Speaking up for Michael

Jason Smith


Have you ever heard something that just bugged you, and you couldn’t rest until you spoke up about it even if it didn’t change anything?

That’s pretty much where I am right now.

A couple weeks ago, I was looking at various news items online from around the country, when one of them caught my eye. It was an Associated Press story about a student at a high school in Wichita, Kan., named Michael Kelley. He has Down Syndrome and autism, and plays extracurricular special-needs basketball. His mother had gotten him a varsity jacket and a letter to go on it, which the boy recently wore to school.

Michael was told by his principal that he had to remove the jacket because he’s not actually on the varsity team. Apparently, special-needs teams aren’t sponsored by the school itself. There’s been quite a bit of backlash from parents and supporters of Michael, but the principal has stood his ground thus far, with the backing of other officials in the school district.

There are a few problems I see with this whole scenario.

For one thing, the jacket and letter were gifts from Michael’s mother, yet he was told he couldn’t wear them.

I understand that letterman jackets are designed to honor traditional student athletes for their accomplishments in school-sanctioned sports activities, as well they should be. They put in a lot of hours to hone their skills while juggling sports and academics at the same time. That’s not easy, and I don’t mean to minimize that for a second.

Michael’s mother, from what I’ve seen, was attempting to recognize the achievements of her son. She was instead told by a principal, in effect, that she couldn’t because her son is different.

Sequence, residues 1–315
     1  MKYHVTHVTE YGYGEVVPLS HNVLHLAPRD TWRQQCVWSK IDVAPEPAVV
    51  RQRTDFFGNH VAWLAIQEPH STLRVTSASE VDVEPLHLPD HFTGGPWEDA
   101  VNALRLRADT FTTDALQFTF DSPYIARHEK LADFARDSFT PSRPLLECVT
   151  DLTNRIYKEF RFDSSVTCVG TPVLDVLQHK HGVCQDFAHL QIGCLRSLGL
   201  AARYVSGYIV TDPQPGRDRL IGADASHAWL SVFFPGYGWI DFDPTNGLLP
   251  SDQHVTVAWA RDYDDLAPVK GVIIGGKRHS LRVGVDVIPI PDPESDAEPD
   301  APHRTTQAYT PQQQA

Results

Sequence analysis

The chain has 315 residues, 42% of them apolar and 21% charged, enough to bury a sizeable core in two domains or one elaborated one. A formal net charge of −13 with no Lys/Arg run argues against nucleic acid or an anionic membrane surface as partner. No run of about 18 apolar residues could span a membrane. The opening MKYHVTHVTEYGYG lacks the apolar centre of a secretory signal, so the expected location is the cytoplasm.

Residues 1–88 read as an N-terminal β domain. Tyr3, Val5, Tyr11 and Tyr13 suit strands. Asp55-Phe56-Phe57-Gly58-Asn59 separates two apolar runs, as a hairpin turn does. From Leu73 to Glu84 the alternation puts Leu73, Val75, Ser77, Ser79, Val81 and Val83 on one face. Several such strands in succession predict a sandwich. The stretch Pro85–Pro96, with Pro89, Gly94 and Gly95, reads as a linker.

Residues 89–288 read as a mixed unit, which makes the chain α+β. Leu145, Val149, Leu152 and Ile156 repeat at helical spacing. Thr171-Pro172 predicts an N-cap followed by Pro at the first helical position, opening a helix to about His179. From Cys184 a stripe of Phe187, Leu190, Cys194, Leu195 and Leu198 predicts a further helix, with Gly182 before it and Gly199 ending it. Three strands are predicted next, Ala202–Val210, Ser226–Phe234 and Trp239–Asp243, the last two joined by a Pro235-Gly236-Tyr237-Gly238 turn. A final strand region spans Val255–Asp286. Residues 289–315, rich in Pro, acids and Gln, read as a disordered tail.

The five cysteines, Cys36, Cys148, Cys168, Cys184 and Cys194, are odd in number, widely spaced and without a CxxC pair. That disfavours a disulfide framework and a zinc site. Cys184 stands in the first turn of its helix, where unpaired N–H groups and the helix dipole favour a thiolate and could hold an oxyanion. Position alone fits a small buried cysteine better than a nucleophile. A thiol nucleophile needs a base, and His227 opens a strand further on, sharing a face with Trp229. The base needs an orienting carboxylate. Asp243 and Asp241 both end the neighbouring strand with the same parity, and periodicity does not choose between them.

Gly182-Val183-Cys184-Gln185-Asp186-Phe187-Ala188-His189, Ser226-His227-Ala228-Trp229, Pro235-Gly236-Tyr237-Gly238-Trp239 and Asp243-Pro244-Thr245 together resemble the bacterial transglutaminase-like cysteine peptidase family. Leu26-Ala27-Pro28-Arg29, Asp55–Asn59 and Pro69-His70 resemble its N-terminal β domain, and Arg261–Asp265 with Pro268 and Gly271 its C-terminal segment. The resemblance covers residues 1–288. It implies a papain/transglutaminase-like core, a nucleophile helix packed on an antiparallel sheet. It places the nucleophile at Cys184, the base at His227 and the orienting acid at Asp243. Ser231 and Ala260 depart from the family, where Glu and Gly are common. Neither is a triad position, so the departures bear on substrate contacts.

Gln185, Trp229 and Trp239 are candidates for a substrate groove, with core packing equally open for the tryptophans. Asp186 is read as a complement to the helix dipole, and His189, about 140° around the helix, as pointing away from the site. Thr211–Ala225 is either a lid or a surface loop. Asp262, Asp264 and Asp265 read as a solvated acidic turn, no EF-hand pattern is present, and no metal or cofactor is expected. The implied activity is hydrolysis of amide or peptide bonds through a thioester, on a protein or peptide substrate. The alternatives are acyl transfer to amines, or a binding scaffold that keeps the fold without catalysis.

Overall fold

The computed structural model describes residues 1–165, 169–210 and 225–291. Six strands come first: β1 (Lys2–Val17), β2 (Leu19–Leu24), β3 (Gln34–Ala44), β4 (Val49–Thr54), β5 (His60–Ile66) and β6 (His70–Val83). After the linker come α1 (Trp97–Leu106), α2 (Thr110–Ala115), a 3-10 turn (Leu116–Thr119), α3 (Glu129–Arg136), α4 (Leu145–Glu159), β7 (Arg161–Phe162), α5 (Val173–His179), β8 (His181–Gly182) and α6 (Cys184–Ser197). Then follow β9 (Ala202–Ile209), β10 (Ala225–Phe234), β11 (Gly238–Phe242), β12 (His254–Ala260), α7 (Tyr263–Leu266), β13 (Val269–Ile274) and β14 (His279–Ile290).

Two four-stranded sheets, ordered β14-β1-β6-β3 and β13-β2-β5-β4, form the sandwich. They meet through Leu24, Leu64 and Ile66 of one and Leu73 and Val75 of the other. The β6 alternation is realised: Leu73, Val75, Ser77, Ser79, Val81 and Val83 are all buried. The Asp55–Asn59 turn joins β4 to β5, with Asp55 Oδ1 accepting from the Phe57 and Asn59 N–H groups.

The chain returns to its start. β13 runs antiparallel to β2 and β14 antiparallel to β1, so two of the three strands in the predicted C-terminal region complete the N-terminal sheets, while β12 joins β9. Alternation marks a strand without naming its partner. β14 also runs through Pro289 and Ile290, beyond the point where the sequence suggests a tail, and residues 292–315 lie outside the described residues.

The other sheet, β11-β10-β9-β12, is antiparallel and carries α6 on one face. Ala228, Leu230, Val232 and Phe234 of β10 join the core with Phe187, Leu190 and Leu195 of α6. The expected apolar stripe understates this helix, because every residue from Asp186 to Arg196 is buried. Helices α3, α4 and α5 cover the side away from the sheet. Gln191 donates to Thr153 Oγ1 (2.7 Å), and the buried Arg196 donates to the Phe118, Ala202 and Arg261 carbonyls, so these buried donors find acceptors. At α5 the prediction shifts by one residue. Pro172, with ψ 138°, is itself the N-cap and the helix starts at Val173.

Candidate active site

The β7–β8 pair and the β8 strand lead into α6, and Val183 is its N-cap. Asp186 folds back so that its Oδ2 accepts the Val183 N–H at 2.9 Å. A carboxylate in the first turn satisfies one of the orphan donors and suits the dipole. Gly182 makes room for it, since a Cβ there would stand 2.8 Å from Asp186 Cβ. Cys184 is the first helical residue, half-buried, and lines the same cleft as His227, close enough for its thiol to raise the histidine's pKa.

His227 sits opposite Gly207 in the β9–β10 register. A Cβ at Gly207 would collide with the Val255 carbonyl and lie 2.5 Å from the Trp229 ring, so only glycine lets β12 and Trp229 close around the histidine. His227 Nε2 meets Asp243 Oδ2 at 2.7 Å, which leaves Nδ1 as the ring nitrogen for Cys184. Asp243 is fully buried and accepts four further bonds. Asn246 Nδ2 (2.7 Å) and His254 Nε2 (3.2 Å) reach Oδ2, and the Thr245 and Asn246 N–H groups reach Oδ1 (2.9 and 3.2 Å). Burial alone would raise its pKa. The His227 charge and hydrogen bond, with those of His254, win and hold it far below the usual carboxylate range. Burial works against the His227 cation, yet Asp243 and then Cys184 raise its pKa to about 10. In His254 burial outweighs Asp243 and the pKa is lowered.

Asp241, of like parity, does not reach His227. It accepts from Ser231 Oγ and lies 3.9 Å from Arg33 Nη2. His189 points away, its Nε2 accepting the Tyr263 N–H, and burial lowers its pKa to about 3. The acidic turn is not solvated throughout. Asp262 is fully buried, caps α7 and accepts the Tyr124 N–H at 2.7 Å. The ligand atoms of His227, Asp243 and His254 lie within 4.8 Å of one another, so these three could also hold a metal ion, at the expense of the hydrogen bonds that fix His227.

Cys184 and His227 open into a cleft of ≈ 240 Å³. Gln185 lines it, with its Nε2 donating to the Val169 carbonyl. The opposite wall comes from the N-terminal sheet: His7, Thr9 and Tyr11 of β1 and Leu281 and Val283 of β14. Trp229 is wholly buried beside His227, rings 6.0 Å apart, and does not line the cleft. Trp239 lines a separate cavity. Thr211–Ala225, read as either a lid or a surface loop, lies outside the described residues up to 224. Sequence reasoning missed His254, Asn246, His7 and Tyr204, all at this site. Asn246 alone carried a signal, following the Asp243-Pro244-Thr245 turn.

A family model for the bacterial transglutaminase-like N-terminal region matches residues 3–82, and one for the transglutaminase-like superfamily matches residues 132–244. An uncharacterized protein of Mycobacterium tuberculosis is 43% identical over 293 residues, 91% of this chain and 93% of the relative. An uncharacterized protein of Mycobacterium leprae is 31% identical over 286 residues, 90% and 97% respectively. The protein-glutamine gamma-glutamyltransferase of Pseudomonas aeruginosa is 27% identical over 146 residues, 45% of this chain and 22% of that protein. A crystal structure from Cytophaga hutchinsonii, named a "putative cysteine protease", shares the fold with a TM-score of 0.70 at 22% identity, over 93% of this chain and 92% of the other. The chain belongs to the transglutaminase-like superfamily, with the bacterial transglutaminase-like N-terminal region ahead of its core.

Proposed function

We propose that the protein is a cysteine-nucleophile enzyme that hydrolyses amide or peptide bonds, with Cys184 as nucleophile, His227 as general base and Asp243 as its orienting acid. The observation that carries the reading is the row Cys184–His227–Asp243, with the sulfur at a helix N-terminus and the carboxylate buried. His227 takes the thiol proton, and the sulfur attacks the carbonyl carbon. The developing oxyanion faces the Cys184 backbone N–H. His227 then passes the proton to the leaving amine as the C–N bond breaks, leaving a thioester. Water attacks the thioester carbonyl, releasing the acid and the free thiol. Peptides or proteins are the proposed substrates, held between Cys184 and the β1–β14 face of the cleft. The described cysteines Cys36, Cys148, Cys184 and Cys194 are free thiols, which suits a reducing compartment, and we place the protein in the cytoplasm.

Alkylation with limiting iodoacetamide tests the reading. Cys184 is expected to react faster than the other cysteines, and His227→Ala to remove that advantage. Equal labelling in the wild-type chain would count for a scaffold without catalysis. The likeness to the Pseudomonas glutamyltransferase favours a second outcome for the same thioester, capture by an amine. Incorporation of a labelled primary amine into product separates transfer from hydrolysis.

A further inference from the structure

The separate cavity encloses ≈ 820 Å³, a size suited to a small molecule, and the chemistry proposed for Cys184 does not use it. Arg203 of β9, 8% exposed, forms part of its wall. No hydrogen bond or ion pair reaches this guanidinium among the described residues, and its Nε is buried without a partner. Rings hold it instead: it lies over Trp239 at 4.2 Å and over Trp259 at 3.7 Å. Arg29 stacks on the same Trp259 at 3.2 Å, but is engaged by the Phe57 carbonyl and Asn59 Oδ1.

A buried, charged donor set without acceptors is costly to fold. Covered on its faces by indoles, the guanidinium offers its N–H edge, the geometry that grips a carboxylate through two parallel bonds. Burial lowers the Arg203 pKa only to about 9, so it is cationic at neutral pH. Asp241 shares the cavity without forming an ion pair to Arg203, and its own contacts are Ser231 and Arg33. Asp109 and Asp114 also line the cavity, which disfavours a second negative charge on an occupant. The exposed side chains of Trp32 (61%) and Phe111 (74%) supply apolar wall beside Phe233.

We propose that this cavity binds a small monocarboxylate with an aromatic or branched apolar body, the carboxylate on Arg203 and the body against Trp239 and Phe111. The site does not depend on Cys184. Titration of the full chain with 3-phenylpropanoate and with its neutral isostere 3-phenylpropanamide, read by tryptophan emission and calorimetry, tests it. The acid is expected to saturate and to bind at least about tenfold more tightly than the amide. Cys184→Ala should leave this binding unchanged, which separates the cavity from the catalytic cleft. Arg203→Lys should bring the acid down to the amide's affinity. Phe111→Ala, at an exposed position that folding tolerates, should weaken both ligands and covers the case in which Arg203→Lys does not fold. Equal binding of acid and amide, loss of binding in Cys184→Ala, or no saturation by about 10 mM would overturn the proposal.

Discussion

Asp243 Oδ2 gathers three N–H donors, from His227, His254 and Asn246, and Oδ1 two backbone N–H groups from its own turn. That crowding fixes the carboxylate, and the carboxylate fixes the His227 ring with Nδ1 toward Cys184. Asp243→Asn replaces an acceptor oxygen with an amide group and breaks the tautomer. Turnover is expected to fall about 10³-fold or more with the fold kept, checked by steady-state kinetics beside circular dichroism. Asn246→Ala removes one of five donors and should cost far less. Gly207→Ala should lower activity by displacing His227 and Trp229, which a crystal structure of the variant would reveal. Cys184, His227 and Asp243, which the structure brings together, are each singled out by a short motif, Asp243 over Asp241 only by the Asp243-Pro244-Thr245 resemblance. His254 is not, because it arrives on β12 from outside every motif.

In the last several years, I’ve gotten to know quite a few people in the special-needs community in Henry County. I’ve been fortunate to witness athletes with disabilities – both teenagers and adults -- overcoming various obstacles to reach heights I could only dream of attaining.

They don’t do it for scholarships, for money, for endorsement deals, or for anything other than the love of playing. Certainly, some of them go on to win awards at area competitions, or medals in the Special Olympics. But regardless, their accomplishments should be respected just as much as those of able-bodied athletes, if not more so.

Michael Kelley’s mother did that. To me, his principal didn’t. To me, the principal’s actions send a message that says athletes with special needs are somehow lesser than their “regular” counterparts. That may not have been what was intended, but that’s the result Michael is left with.

I get that it may not be financially feasible for every school out there to get a letterman jacket for every athlete with a disability. But the way I see it is, an educator’s primary responsibility is to teach students. When a special-needs athlete is told he can’t wear something his mom made him because he’s not like other kids, what exactly is he learning?

I realize that there’s only so much I can do, from here, to make Michael’s plight better. So what’s the solution? What can be done to rectify this going forward?

The short answer is to let Michael wear the jacket. His mother got it for him.

The longer answer, for Michael and for other athletes with special needs, is to do more to encourage what they do, and to support parents in that task as well. Whether that means volunteering, making a donation, showing up to cheer athletes along in competitions or writing a column about a kid in Kansas, we can all do something to help.

It takes work, and it takes time, but it’s worth the effort.

Jason has worked in newspapers since 2005, spending the majority of that time in Henry County. He lives in Covington with his wife and daughter.